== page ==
IL-2’s C-47 Skytrain full aircraft review

Most aircraft added to the IL-2 Great Battles Series are fighters, attackers or bombers – combat aircraft. On occasion, however, we’ve had a few more unique entrants to the mix. Still military aircraft but not aircraft that participate directly in combat themselves. Military transports were essential parts of the war effort and many of them came into direct combat with the Luftwaffe’s Ju52 fleet suffering significant losses dropping supplies into the beleaguered Stalingrad and the Allied transport fleet getting used in several high-profile operations of their own. That fleet was lead by the iconic Douglas DC-3 airliner turned military transport with the designations of C-47, Skytain and Dakota. So, with this airplane now part of the series, how does it fit in, how is it being used, and should you buy this airplane? Let’s have a look!

A bit of history

A development of the DC-2, the Douglas Aircraft Company developed the DC-3 to be a larger offering complete with overnight sleeper arrangements in the top part of the fuselage. The earliest versions of the DC-3 even have thin windows arranged along the top bunk area. This arrangement seems to have been short lived but the rest of the design was sound and the DC-3 proved to be a more reliable airplane than its forebear. It was also cheap enough to operate the first all passenger services for the airliners that purchased the type. Previous airplanes required subsidies from mail deliveries to make their passenger services profitable.

The DC-3 catapulted civil airliner service in North America into the public consciousness in a way that previous types had not been able to do. American, United, TWA, Eastern, and Delta ordered over 400 of the type. War was brewing and the DC-3 was about to take on a new life.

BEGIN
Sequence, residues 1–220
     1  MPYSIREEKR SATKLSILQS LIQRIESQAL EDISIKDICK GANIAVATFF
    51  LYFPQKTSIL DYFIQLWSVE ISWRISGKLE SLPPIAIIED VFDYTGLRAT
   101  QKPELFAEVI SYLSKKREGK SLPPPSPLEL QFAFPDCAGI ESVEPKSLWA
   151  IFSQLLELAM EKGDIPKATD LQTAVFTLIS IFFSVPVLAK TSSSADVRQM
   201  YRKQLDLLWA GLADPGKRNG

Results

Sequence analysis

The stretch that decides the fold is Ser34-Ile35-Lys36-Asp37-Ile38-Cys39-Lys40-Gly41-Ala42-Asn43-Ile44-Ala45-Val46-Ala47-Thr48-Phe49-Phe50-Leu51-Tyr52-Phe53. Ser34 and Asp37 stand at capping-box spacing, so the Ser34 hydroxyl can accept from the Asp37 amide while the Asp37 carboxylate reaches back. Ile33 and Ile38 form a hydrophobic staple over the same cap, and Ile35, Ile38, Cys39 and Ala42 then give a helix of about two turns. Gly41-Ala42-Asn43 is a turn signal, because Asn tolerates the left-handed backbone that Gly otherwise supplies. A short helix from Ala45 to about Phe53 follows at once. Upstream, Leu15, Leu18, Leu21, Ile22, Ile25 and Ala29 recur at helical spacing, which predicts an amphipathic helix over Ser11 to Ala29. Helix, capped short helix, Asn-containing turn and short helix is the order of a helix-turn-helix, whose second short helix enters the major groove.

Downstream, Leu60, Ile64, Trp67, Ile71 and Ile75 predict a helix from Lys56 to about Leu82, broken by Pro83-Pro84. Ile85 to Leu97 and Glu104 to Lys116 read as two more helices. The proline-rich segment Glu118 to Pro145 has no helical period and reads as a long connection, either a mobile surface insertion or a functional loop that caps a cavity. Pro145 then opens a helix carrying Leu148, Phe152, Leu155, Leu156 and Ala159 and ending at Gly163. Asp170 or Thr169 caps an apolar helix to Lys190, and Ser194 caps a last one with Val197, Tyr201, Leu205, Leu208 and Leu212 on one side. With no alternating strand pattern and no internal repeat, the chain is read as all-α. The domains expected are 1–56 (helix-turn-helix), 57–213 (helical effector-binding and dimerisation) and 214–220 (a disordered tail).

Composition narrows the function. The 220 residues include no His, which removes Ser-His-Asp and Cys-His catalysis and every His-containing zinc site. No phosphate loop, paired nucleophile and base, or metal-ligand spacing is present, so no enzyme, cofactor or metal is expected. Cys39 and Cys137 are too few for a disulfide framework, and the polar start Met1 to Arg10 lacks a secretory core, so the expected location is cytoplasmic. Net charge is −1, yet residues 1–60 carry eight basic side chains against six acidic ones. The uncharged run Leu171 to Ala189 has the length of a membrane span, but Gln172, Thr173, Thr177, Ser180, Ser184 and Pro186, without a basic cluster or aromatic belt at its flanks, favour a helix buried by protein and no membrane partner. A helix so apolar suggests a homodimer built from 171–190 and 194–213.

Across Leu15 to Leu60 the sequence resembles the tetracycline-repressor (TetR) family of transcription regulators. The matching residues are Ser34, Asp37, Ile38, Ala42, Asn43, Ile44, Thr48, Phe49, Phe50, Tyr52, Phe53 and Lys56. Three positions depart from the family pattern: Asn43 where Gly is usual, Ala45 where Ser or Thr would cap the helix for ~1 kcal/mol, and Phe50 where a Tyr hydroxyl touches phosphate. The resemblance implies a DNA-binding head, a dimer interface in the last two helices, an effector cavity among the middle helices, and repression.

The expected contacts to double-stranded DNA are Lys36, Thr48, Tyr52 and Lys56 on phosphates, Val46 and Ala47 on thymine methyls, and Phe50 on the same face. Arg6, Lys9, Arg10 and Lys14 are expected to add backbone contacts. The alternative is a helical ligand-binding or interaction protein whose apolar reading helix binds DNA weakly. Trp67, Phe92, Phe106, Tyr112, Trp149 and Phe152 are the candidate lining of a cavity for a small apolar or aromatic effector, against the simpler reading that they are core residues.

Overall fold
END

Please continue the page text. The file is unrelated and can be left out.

The DC-3 fleet was drafted into military service and production kicked into high gear with over 10,000 of the type being produced for service in multiple air forces. The type received the C-47 designation in the USAAF and was named the Skytrain in that service. In Commonwealth service, the aircraft became known as the Dakota or the ‘Dak.’

The C-47 was used in nearly every utility role conceivable at the time. Flying cargo across difficult routes, dropping paratroopers on D-Day and during Operation Market Garden, or dropping relief supplies into German occupied Netherlands near the end of the war as part of Operation Manna and Operation Chowhound. Wherever Allied air forces were operating, the C-47 was there supporting the operation.

Post war, the type returned to mostly civilian service although some were returned to military use during the Vietnam-war proving the airborne gunship concept. Others went on to see use in remote regions of the world and there are still some DC-3 models still flying in regular service right up to the modern day. Others are preserved as part of military museum collections.

Visuals and sounds

Ugra Media were tapped to build the C-47 cockpit for the IL-2 Sturmovik: Great Battles Series and they seem to have come through admirably with a solid representation of the C-47 on the inside. It is a bit of a complicated cockpit and with some difficult texture work to overcome. I do think they recreated a wartime version of this aircraft very well well.

There are dirt and scratches in all of the appropriate spaces. Gauges are, as is typical in the series, clear and easy to read. All of the buttons and switches move either through pilot interaction or automatically in some instances. It feels very much alive.

The exterior of the model has been with us for years and it’s a pretty good one. There are a few spots where you might see a harder edge than maybe we should for an aircraft model in 2022. But on the whole it looks good. This C-47 also comes equipped with options for cargo, paratroopers, and para-dropped cargo pods that fit on the underside of the aircraft. That last one in particular you won’t find in any other sim that I know about. The fully animated and dropped paratroopers are also a unique feature for the IL-2 series. They look decently modelled and are an upgrade from what we saw from the early days of the Ju52 para-dropper teams.